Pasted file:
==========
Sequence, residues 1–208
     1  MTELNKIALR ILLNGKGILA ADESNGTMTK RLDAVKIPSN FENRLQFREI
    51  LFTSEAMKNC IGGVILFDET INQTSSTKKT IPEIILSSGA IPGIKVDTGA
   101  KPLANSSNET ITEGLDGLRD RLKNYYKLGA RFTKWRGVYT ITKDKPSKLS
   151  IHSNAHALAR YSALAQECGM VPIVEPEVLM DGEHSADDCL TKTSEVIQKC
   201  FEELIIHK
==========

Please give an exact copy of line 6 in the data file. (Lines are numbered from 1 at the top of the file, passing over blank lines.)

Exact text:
   201  FEELIIHK